The Federal Reserve's low interest rate policy is meant to encourage investors to move into riskier assets in order to promote economic recovery, and there are no signs currently the policy is resulting in the build-up of a U.S. asset bubble, the central bank's number-two official said on Monday.
Fed Vice Chairman Donald Kohn said the recent rise in asset prices reflects several factors: the reversal of the extreme panicky conditions of late 2008, the turnaround in economic prospects, and ultra-low interest rate policies in the United States and other key economies.
Many investors, scarred by the damage wrought by the bursting of the housing bubble, are wary of the potential of new bubbles building as a result of ultra-low interest rates in key countries.
Kohn underscored why the low rates are critical to an economic recovery.
One of the purposes of these policies is to induce investors to shift into riskier and longer-term assets in order to lower the cost and increase the availability of capital to households and businesses, Kohn said at an event co-sponsored by the Kellogg School and Northwestern University.
The resulting easier credit is designed to encourage spending during a period when output is expected to remain well below the economy's capacity for a prolonged period, he said.
The Fed lowered the overnight federal funds rate to near zero percent last December and has kept it there since. After its last policy meeting in November, the U.S. central bank reiterated its expectation that rates could be kept unusually low for an extended period.
Kohn said it is difficult for policy makers to spot asset price bubbles, but said prices in U.S. financial markets do not appear to be clearly out of line with the outlook for the economy and business prospects, as well as the level of risk-free interest rates.
A recent surge of speculative cash into overseas markets has sharpened a debate among central bank officials on how best to rein in asset prices when it appears a bubble may be building.
Kohn said that current circumstances illustrate the complications of using monetary policy as ammunition against a potential bubble.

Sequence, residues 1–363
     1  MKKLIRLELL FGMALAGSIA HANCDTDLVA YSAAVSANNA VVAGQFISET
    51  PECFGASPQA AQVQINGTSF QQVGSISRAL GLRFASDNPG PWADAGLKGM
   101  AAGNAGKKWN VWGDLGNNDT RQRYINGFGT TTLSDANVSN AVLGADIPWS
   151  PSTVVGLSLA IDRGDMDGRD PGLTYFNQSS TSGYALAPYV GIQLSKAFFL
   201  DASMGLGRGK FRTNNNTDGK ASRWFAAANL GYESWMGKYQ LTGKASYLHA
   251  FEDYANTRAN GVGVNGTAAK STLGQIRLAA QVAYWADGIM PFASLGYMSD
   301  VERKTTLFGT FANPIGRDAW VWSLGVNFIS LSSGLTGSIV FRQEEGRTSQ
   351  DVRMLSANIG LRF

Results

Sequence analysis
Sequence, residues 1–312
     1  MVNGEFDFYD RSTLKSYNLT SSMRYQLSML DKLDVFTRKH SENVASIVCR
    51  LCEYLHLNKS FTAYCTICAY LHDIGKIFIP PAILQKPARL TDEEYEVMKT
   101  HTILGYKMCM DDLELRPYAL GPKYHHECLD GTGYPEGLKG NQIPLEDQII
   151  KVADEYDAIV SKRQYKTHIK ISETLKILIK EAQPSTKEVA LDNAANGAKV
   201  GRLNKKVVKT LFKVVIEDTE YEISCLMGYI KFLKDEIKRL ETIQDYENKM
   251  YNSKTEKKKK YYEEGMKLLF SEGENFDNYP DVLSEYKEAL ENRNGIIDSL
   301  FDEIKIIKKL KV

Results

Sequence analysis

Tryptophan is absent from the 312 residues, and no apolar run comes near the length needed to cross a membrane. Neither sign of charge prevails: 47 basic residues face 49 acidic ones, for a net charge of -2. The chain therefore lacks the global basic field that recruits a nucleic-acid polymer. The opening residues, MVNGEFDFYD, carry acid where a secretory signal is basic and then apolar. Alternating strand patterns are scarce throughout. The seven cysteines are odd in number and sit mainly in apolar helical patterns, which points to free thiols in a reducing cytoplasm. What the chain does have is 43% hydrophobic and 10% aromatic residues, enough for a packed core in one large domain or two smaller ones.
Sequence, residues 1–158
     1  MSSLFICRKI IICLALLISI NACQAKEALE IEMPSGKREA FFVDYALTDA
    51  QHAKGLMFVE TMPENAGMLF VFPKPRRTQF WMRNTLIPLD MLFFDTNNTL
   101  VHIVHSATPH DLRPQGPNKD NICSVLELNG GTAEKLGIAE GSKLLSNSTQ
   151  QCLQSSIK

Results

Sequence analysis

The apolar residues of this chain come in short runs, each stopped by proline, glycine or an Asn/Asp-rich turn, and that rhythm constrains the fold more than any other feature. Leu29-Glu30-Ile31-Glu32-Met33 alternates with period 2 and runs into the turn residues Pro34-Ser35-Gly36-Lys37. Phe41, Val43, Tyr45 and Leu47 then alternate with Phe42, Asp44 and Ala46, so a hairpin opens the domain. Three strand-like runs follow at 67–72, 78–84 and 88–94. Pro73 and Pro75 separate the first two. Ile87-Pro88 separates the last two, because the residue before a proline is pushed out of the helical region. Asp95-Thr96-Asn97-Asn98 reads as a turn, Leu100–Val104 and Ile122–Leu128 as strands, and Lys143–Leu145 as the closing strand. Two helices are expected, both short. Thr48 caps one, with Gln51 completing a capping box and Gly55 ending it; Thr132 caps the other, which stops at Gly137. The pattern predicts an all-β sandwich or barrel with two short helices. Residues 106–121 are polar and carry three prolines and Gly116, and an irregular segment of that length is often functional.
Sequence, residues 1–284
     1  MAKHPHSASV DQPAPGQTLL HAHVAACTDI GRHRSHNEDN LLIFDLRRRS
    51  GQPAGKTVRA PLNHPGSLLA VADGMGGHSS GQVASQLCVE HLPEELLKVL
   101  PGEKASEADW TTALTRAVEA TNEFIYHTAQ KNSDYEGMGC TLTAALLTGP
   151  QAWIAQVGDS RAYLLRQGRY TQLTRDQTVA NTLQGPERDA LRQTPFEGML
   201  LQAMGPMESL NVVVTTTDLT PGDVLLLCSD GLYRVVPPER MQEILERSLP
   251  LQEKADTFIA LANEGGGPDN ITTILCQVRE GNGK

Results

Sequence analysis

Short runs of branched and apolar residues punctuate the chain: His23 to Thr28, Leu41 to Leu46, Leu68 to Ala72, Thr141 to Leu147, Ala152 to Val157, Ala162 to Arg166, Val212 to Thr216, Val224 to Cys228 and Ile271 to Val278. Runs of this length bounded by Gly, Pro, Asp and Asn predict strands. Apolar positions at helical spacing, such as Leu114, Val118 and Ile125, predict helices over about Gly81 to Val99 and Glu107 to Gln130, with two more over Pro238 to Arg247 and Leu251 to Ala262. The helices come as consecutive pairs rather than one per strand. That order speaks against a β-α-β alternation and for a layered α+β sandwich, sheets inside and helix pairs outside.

Tightening financial conditions at a time when an economic recovery has just begun, when labor markets are continuing to weaken, when inflation is below its optimal level for the longer run, and when significant strains persist in the financial system would incur a considerable short-run cost in order to achieve possible long-run benefits whose extent is, at best, quite uncertain, he said.
That said, the Fed needs to be alert to any tendencies for movements in prices for commodities and assets to result in a sustained increase in inflation and inflation expectations, he said.
Kohn, like Fed Chairman Ben Bernanke earlier on Monday, said monetary policy was a blunt tool for tackling asset bubbles and that using supervision and regulation may be more appropriate.
Given the side effects of using policy for this purpose, and other difficulties, such circumstances are likely to be very rare. I continue to believe that the best approach is to strengthen supervision and regulation, Kohn said.
Another challenge for policy makers in tackling asset bubbles is the timing, Kohn said. Central banks would need to spot threats very early -- when it would be especially difficult to determine whether asset prices are overvalued or not.
Kohn also addressed whether some of the tools the Federal Reserve developed in its battle against the financial crisis should be made permanent.
He said a pending question was whether the Term Auction Facility -- a facility for banks to anonymously tap central bank credit -- and liquidity swaps lines with foreign central banks should be made permanent.
Kohn, at a time when proposals in Congress seek to curtail the Fed's powers, also stressed the importance of the central bank being the lender of last resort in a crisis.
Lending in support of markets and classes of important intermediaries becomes an essential extension of monetary policy to foster our legislated mandate of promoting maximum employment and stable prices, he said, adding that the Fed's ability to preserve financial stability could be enhanced by ensuring it has the ability to lend to non-banks in emergencies.
(Writing by Kristina Cooke; Editing by Leslie Adler)